The most conspicuous contribution to the LAX project is the newly-opened Tom Bradley International Terminal, affectionately known as TBIT. The $1.7 billion effort adds 18 new international gates and a Great Hall with new places to eat and shop. Natural light streams through a huge glass ceiling overhead, and aerial walkways look down on a new departures area and the large Welcome Wall, which has shimmering blue water patterns on it.
The centerpiece of TBIT’s Phase One is the new Great Hall. It is seven stories high, with a dining and retail zone that offers a mix of local brands such as Fred Segal and Kitson LA, as well as Tumi, Burberry, Gucci and Hugo Boss.
There are more than 30 restaurants and cafés throughout, plus a plethora of new lounges, including the impressive Star Alliance facility on the sixth floor. One gains these heights either by escalators or an elevator housed in the 72-foot-tall Time Tower, an LED-wrapped column showing dazzling multimedia videos.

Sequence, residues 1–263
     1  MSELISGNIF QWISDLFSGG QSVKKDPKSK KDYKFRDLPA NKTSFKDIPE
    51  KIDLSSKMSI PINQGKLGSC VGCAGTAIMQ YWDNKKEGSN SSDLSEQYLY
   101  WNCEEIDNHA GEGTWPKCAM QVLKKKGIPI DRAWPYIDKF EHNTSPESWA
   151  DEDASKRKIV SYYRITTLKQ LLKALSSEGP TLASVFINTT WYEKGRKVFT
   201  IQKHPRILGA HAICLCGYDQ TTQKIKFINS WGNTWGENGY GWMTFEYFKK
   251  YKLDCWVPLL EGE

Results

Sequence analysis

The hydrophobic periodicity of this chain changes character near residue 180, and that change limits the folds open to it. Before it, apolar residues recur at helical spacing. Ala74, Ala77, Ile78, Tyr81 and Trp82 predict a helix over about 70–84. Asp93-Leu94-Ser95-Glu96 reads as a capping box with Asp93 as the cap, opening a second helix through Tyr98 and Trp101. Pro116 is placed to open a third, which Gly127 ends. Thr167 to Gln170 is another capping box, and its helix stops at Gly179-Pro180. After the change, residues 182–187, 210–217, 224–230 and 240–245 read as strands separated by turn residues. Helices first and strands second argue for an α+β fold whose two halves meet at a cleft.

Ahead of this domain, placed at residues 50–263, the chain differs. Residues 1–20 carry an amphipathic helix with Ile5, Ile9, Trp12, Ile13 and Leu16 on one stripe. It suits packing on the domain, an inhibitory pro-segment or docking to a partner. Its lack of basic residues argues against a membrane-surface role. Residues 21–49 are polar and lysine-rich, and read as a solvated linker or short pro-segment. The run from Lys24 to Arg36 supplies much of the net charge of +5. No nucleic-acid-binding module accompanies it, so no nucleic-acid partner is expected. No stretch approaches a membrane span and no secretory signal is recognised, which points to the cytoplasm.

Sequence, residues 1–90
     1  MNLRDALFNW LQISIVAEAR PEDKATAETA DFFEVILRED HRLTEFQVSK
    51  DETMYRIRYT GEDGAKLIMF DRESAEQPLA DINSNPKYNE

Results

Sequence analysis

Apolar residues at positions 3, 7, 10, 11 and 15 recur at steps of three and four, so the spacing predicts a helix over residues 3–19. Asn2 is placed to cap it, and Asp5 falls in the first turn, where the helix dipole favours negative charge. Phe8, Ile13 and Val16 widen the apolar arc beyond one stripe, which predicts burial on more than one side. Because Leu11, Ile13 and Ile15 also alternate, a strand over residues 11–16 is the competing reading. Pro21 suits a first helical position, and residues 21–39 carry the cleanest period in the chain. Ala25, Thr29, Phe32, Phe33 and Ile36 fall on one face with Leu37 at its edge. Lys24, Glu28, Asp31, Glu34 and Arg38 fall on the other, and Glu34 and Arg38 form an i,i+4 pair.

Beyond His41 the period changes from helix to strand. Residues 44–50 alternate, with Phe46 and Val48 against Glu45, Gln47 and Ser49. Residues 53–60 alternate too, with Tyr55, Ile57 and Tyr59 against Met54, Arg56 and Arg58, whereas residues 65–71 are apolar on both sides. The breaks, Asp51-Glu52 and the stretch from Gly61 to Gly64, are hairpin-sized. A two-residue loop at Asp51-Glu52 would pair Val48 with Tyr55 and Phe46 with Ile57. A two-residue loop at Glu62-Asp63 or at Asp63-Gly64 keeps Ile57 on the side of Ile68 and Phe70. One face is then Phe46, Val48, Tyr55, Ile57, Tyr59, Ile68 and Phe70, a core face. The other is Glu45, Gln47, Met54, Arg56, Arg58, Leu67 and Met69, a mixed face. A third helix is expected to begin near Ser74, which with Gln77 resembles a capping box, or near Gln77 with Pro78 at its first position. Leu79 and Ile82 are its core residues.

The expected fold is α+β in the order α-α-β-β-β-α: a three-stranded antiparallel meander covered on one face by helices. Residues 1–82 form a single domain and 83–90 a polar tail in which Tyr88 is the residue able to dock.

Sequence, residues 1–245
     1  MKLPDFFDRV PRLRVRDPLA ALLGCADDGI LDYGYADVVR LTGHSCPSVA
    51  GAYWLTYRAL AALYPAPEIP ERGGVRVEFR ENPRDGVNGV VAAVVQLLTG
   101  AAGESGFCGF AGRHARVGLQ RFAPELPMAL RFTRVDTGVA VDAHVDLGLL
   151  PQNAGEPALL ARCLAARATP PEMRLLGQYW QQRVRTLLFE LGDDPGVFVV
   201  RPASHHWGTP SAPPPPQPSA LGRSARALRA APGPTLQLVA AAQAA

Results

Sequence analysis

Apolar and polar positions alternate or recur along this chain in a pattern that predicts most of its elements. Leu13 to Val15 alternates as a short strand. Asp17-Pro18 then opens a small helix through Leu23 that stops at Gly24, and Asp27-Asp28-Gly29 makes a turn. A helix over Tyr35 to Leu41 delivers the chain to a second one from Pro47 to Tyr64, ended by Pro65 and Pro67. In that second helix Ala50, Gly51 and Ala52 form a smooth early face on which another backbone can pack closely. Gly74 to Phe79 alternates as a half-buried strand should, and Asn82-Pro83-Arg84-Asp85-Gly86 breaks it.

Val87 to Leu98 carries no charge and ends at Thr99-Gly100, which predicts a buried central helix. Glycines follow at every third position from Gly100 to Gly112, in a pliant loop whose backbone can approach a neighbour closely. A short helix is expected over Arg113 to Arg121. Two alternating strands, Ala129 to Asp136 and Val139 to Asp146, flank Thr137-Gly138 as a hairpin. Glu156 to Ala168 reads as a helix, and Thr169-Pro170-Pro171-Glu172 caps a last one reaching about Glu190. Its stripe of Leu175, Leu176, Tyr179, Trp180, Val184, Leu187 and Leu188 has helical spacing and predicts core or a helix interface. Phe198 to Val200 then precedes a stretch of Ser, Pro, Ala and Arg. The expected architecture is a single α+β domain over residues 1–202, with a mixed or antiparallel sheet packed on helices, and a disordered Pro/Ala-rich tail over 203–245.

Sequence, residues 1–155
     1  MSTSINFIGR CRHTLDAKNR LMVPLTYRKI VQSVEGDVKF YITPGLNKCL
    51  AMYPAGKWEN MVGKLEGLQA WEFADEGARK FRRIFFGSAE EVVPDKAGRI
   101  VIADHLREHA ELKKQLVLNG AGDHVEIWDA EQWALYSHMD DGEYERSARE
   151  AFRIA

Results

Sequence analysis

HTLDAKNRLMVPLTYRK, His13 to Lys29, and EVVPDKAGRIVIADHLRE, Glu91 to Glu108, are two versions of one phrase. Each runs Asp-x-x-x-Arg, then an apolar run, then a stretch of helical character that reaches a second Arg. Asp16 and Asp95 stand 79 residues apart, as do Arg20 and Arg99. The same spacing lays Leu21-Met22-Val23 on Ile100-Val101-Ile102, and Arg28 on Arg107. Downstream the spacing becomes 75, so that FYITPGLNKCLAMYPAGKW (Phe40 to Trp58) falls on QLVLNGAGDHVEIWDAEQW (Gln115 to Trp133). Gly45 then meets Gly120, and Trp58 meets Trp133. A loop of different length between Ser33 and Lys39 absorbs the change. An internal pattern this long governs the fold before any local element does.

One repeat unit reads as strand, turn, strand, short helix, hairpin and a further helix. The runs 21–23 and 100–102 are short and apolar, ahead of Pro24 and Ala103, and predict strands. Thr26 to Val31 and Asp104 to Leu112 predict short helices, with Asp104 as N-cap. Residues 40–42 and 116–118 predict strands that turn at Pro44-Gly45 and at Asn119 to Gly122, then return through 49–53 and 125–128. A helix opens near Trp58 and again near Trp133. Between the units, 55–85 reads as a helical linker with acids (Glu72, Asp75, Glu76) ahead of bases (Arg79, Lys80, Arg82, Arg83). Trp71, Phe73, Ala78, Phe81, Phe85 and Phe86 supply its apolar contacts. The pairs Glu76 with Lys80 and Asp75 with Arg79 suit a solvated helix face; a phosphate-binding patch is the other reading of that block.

The latest addition to the LAX lounge array is the Skyteam facility opened in March by Korean Air. Located on the fifth floor of the Tom Bradley International Terminal, the 305-seat lounge is approximately 68 percent larger than the old facility and therefore capable of accommodating 135 more passengers.
Services include four private lounge rooms and shower booths, a balcony area that offers panoramic views of the entire terminal, and a luggage depository area.
Unfortunately, arriving passengers get only a tantalizing glimpse of the new TBIT before descending into the old immigration and security gates – though it should be noted that the immigration/passport control area has been expanded with additional lanes. Plans for new arrivals facilities are coming up in subsequent phases of LAneXt, along with new checkin and security lanes, which are still housed in the older section of the terminal.
The capital plan also implements operational improvements to the airside, plus renovations to Terminal 5, slated to be revamped by 2015. Terminal 5’s redo is